Wikipedia wrote:The [Volcker] rule is often referred to as a ban on proprietary trading by commercial banks, whereby deposits are used to trade on the bank's personal accounts
Financial Times Lexicon wrote:[Under the Volcker rule, b]anks that take retail deposits would not be allowed to engage in proprietary trading that is not directly related to the market making and trading they do for customers. These banks would also be prohibited from owning or sponsoring hedge funds or private equity funds.
Wikipedia wrote:In economic theory, moral hazard is a tendency to take undue risks because the costs are not borne by the party taking the risk... Moral hazard arises because an individual or institution does not take the full consequences and responsibilities of its actions, and therefore has a tendency to act less carefully than it otherwise would, leaving another party to hold some responsibility for the consequences of those actions.
Looking at these definitions, I might be tempted to say that the Volcker Rule attempted to correct bank trading that produced moral hazard. However, if a bank uses its customers' deposits to make trades on its own accounts, the bank will need to eventually replace its customers' deposits even if the trade causes a loss because a deposit represents a liability to the bank. You cannot simply use the money given to you by your creditors (customers) to make a trade, lose money on the trade, and then tell your creditors (customers) that you aren't going to repay what you owe them because you didn't make as money as you thought you would. Since banks must ultimately replenish the customer accounts from which they temporarily borrowed deposits to make a trade, they have the ultimate responsibility for the cost of the trade (risk). Thus, you cannot claim that moral hazard is the reason for the Volcker Rule.
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Re: Peaceful Resolution Discussion

Post by Tees-Exe Line » Sun Mar 04, 2012 3:15 pm

However, if a bank uses its customers' deposits to make trades on its own accounts, the bank will need to eventually replace its customers' deposits even if the trade causes a loss because a deposit represents a liability to the bank. You cannot simply use the money given to you by your creditors (customers) to make a trade, lose money on the trade, and then tell your creditors (customers) that you aren't going to repay what you owe them because you didn't make as money as you thought you would. Since banks must ultimately replenish the customer accounts from which they temporarily borrowed deposits to make a trade, they have the ultimate responsibility for the cost of the trade (risk). Thus, you cannot claim that moral hazard is the reason for the Volcker Rule.
This argument reveals that you misunderstand both the Volcker Rule and moral hazard. Having done so, your last sentence is one of the best examples of a non-sequitur I've ever seen. I don't have time to explain what's wrong in detail now, though the pedagogue in me rebels. The jackass in me does, however, request that I remind you that you criticized my "adverse selection" tossup on substantive grounds last year, and it did not go well for you.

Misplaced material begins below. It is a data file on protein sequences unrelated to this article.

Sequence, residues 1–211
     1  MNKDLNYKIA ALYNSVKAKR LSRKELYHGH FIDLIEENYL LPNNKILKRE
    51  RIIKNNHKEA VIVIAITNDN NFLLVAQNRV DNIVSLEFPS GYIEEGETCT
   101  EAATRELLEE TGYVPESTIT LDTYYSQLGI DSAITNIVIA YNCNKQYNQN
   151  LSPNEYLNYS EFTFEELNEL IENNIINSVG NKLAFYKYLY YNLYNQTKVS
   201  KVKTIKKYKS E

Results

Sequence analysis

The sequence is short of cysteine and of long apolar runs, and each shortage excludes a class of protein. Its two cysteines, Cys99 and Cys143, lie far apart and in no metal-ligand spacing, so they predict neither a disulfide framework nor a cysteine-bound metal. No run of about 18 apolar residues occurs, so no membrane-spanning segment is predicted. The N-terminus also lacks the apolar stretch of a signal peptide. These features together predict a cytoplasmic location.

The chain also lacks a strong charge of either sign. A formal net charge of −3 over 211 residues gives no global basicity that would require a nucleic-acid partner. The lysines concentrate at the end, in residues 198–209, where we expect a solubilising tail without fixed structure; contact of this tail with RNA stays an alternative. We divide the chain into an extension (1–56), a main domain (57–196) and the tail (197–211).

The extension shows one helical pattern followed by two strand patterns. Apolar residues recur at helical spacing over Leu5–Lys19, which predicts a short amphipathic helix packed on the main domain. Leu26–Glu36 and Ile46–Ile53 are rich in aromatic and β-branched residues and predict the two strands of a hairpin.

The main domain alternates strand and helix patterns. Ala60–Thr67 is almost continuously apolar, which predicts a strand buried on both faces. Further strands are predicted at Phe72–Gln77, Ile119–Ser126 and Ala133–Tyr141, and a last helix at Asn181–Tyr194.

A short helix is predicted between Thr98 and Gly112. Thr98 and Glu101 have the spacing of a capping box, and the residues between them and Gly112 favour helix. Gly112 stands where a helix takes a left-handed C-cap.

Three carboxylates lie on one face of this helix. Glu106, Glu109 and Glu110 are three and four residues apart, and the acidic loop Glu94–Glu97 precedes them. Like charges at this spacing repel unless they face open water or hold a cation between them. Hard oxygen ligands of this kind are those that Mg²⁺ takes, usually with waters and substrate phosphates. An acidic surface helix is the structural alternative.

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Re: Peaceful Resolution Discussion

Post by Papa's in the House » Sun Mar 04, 2012 3:26 pm

Tees-Exe Line wrote:
However, if a bank uses its customers' deposits to make trades on its own accounts, the bank will need to eventually replace its customers' deposits even if the trade causes a loss because a deposit represents a liability to the bank. You cannot simply use the money given to you by your creditors (customers) to make a trade, lose money on the trade, and then tell your creditors (customers) that you aren't going to repay what you owe them because you didn't make as money as you thought you would. Since banks must ultimately replenish the customer accounts from which they temporarily borrowed deposits to make a trade, they have the ultimate responsibility for the cost of the trade (risk). Thus, you cannot claim that moral hazard is the reason for the Volcker Rule.
This argument reveals that you misunderstand both the Volcker Rule and moral hazard. Having done so, your last sentence is one of the best examples of a non-sequitur I've ever seen. I don't have time to explain what's wrong in detail now, though the pedagogue in me rebels. The jackass in me does, however, request that I remind you that you criticized my "adverse selection" tossup on substantive grounds last year, and it did not go well for you.
True, which is why I'd love to hear your take on the Volcker Rule if what I read elsewhere makes me misunderstand it so that I don't confuse anything about it in the future.

EDIT: While not always the best source, Wikipedia mentions moral hazard exactly 0 times in reference to the Volcker Rule. However, the NY Times mentions moral hazard in relation to the Volcker Rule by stating
Gretchen Morgenson on January 23, 2010 wrote:Still, singling out proprietary trading, hedge funds and private equity units does make sense for a couple of reasons. First, the proposal moves us closer to resolving pieces of the “moral hazard” issue, that uncomfortable state of affairs that occurs when companies don’t worry about bet-the-ranch risks because they know that someone (usually the taxpayer) is waiting in the wings to save them if they blow it (as they so often do).
... and The Big Picture (a website I only found using a Google search of "volcker rule moral hazard")